Scientists have known for a several years that pigeons, and some other animals like mole rats, rely on Earth’s magnetic field for orientation and navigation. What has been unknown, until recently, is how animal and bird brains process this magnetic information and use it to navigate their way over long distances. The 'homing pigeon' is particularly adept at this.
The science team was based at the Department of Neuroscience, Baylor College of Medicine, Houston.
New research, published in the journal Science
in April 2012, has identified the neural source of magnetic sense in pigeons. This relates to special cells that are able to ‘encode’ three key positioning factors. According to the research summary
, these factors are: the direction of a magnetic field, its intensity, and its polarity (north or south). The cells have been shown to be iron-rich.
According to The Guardian
, the research has also shown that when pigeons are responding to magnetic fields as part of their famed homing ability, four areas of the brain become active, including the hippocampus, which is the site of spatial memory. This aspect of the research suggests that the birds’ home based on a combination of visual, vestibular (the system of balance and orientation), and auditory systems. The scientists have called this “magnetoreception”, where the birds have a type of in-built inclination-sensitive light-dependent compass.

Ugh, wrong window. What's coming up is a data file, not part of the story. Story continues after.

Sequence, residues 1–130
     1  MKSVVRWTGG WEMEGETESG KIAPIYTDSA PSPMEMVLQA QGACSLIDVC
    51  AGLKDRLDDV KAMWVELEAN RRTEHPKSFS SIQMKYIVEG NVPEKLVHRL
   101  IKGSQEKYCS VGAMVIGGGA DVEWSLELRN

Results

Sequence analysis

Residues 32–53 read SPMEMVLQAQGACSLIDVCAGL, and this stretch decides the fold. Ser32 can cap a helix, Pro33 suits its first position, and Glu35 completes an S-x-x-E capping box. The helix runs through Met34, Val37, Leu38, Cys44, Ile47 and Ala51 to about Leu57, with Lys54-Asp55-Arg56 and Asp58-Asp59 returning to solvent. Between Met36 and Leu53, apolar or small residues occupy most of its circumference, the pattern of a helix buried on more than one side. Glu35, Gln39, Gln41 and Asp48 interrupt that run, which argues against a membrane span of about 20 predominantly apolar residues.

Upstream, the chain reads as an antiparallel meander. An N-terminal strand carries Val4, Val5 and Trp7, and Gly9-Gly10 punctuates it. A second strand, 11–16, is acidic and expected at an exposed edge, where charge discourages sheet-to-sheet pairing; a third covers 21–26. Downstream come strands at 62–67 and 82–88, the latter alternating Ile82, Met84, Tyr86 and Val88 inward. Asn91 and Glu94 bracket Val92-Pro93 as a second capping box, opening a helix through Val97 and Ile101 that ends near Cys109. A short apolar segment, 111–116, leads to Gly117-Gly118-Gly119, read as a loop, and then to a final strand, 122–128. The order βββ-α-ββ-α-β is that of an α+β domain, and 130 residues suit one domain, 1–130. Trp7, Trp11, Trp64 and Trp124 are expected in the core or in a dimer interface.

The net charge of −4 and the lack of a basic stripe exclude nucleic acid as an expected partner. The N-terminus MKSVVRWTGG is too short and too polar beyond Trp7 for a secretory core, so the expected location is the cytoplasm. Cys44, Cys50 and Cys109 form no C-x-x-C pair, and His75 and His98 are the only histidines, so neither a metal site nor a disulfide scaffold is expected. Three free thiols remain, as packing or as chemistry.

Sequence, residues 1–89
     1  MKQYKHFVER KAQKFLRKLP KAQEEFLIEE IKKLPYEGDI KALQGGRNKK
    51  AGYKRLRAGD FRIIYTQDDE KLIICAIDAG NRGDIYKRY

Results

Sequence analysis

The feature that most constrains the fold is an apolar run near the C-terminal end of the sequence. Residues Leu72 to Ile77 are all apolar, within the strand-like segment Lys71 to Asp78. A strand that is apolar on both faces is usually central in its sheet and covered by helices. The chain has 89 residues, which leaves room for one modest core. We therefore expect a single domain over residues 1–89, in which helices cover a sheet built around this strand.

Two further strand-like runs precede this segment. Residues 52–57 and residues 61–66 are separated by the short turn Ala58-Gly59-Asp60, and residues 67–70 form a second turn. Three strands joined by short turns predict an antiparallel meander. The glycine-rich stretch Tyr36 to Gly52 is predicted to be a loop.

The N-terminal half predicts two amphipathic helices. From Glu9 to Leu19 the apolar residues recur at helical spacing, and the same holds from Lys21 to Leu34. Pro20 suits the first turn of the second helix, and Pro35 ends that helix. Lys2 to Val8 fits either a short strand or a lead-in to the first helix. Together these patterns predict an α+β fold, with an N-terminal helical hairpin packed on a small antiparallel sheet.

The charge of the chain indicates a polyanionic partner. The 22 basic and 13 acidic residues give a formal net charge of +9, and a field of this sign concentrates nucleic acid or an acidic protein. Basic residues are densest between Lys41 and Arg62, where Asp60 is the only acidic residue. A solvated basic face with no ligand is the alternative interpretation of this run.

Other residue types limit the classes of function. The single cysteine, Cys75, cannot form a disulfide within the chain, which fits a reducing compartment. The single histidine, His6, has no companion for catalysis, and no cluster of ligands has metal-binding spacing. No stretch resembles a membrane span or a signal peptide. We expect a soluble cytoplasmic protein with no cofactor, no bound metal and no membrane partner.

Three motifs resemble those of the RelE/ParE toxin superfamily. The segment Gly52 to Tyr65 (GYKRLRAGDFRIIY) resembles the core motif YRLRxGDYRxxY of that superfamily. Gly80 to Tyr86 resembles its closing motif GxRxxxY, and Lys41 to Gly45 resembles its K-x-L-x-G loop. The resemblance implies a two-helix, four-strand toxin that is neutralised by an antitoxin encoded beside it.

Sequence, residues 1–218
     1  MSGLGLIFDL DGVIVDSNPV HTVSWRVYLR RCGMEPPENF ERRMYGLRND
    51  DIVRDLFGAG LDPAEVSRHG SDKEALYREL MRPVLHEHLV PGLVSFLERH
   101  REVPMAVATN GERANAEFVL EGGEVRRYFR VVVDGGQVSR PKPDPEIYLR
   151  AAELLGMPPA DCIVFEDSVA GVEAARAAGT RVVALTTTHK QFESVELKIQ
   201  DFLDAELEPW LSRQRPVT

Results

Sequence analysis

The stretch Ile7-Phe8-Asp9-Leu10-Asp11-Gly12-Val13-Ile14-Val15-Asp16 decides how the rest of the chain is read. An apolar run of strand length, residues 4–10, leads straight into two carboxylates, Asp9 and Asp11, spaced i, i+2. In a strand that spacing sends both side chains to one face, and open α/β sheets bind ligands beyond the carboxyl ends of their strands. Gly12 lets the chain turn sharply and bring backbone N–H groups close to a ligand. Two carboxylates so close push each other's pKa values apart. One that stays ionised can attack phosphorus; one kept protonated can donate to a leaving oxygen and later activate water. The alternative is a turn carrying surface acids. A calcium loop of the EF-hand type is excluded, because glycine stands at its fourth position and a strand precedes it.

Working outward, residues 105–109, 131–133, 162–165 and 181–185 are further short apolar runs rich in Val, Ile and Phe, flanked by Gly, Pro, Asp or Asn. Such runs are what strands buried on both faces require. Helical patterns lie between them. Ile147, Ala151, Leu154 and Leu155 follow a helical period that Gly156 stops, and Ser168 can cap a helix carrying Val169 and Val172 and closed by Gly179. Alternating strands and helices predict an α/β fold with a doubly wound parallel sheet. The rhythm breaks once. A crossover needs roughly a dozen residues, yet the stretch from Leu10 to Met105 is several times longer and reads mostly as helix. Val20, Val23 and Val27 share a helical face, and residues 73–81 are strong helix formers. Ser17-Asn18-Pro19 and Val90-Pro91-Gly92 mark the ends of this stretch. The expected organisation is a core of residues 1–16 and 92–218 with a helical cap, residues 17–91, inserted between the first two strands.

The research findings do not just relate to pigeons. The findings could explain how people interpret maps in their heads and may, at some future date, help clinicians treat individuals afflicted with spatial disorientation.
The reference for the research paper
L. Wu and J.D. Dickman. “Neural correlates of a magnetic sense,” Science.